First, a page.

Food inflation will be very high from January to March 2020, warns RBI governor as he keeps interest rates unchanged
- RBI keeps interest rates unchanged even as the market was expecting a rate cut.
- This year, RBI has cut interest rates by five times, consecutively.
- India’s interest rates are already at a ten-year low.
- Most experts have been hoping for a 25 basis point rate cut this time too, some expected a 50 bps cut.
AdvertisementIndia's central bank has taken note of the pains of households who are struggling with rising food prices, at this monetary policy committee (MPC) review. Hence, in spite of being burdened with the task of pushing a slowing economy, the RBI kept its interest rates unchanged at 5.15%.
Had RBI cut interest rates again, it would have brought more money into the system, which would hike prices of essential items. The interest rate is at which RBI lends to the banks who are then expected to give out cheaper loans.
This however is a shocker for market watchers and investors who have been expecting a 25 basis point rate cut. In fact, after the dismal second quarter GDP which grew at a mere 4.5%, economists have been batting for 50 basis point rate cut.
AdvertisementBut the decision to keep rates unchanged was 'unanimous' at the meeting held today. "Food inflation will be very high from January to March 2020," said
The country’s interest rates, after five successive cuts in all the MPC review meetings meeting this year -- is already at its lowest in ten years. But it was not enough.
And the lack of a rate cut yet again disappointed many including Sensex which dropped 100 points right after the announcement.
"With the growth projection for the current year being revised down from 6.1% to 5%, both government and the central bank should initiate some stronger measures to break the logjam particularly in the stressed sectors of the economy," said Sandip Somany, president of industry body, FICCI.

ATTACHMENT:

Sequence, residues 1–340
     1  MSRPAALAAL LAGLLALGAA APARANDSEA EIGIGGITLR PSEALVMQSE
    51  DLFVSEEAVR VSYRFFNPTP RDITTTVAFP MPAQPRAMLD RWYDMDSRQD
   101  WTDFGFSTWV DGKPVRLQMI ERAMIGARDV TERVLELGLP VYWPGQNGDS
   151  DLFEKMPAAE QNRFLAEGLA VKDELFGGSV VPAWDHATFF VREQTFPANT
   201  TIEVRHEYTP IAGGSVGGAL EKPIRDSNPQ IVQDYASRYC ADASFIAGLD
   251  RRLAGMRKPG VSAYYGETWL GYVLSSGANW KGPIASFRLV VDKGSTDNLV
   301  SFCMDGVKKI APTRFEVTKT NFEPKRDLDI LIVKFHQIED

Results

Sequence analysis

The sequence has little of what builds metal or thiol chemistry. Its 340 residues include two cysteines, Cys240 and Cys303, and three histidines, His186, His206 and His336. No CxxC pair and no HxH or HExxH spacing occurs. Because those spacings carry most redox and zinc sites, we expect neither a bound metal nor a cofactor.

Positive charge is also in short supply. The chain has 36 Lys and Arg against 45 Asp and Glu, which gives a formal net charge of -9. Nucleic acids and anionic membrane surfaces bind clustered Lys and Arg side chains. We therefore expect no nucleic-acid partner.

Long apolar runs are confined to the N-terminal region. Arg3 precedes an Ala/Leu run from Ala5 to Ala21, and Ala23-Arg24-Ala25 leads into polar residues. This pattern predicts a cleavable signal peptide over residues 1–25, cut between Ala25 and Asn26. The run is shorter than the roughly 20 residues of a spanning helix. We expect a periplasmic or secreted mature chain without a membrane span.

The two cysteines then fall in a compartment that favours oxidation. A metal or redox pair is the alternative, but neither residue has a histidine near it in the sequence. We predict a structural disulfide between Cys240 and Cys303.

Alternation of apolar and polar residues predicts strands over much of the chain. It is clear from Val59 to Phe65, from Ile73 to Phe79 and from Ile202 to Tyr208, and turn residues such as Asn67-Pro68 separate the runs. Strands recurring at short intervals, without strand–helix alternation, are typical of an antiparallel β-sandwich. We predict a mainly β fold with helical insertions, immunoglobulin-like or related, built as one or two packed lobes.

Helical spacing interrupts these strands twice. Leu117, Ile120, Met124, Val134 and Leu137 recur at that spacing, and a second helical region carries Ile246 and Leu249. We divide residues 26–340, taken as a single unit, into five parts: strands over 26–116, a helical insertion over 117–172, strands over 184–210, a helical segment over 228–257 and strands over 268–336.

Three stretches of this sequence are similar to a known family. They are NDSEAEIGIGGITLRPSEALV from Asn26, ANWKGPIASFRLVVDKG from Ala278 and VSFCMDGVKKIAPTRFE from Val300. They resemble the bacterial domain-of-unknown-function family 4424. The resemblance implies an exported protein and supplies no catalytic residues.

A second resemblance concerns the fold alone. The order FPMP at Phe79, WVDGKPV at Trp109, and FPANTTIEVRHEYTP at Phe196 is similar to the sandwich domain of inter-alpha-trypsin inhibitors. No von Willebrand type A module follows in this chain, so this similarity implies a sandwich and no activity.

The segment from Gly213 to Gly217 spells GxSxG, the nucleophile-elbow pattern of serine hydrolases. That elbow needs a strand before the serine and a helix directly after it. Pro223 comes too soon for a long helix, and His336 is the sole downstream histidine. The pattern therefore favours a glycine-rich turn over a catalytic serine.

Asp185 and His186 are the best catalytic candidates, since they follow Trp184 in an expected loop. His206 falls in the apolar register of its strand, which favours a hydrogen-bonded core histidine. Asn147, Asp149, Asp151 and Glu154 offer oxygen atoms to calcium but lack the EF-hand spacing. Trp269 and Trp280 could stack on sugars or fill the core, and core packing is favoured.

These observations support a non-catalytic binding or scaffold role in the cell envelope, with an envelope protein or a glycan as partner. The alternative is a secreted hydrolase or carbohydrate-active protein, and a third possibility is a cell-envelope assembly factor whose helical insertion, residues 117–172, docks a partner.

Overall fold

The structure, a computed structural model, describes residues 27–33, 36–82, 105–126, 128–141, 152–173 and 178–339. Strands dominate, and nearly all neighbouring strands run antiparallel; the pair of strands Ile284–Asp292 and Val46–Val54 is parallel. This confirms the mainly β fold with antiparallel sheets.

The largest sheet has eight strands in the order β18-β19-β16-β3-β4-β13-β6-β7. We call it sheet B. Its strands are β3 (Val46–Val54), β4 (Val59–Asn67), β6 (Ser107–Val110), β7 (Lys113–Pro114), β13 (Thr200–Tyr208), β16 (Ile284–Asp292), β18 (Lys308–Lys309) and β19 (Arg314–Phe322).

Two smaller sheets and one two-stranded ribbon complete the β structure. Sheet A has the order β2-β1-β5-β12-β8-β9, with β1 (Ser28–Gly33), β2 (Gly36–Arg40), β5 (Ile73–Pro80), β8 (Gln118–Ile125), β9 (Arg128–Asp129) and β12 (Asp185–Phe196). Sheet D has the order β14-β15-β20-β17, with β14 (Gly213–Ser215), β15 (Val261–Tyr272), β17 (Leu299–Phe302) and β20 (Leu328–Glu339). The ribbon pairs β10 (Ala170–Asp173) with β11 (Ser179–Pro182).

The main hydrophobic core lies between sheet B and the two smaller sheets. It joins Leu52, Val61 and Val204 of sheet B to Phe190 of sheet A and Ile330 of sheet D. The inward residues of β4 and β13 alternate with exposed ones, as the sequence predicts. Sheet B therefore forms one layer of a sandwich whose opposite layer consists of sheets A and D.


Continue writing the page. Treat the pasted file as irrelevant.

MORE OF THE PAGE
“Despite the policy initiatives taken by the government during the past few months and RBI’s continued accommodative stance, the GDP grew at a much lower rate in the second quarter, the lowest in last 26 quarters. This has confirmed the fears of continuing slowing down of Indian economy. Much of the Q2 growth in GDP came in through rising Government
The governor Shaktikanta Das who had the benefit of low inflation for the last few credit policies. But in the last two months, food inflation –especially with regards to vegetables has been high. It means Das has to do a much more sensitive balancing act.
This time, the expectations are also sky high expectations. “The recovery is unlikely to be V-shaped as consumer demand, credit supply and risk appetite remains lacklustre. This and the falling core-CPI should allow the RBI focus more on growth, while a major fiscal stimulus is hindered by the lack of available household financial savings,” said Sreejith Balasubramanian, economist - fund management at IDFC AMC.
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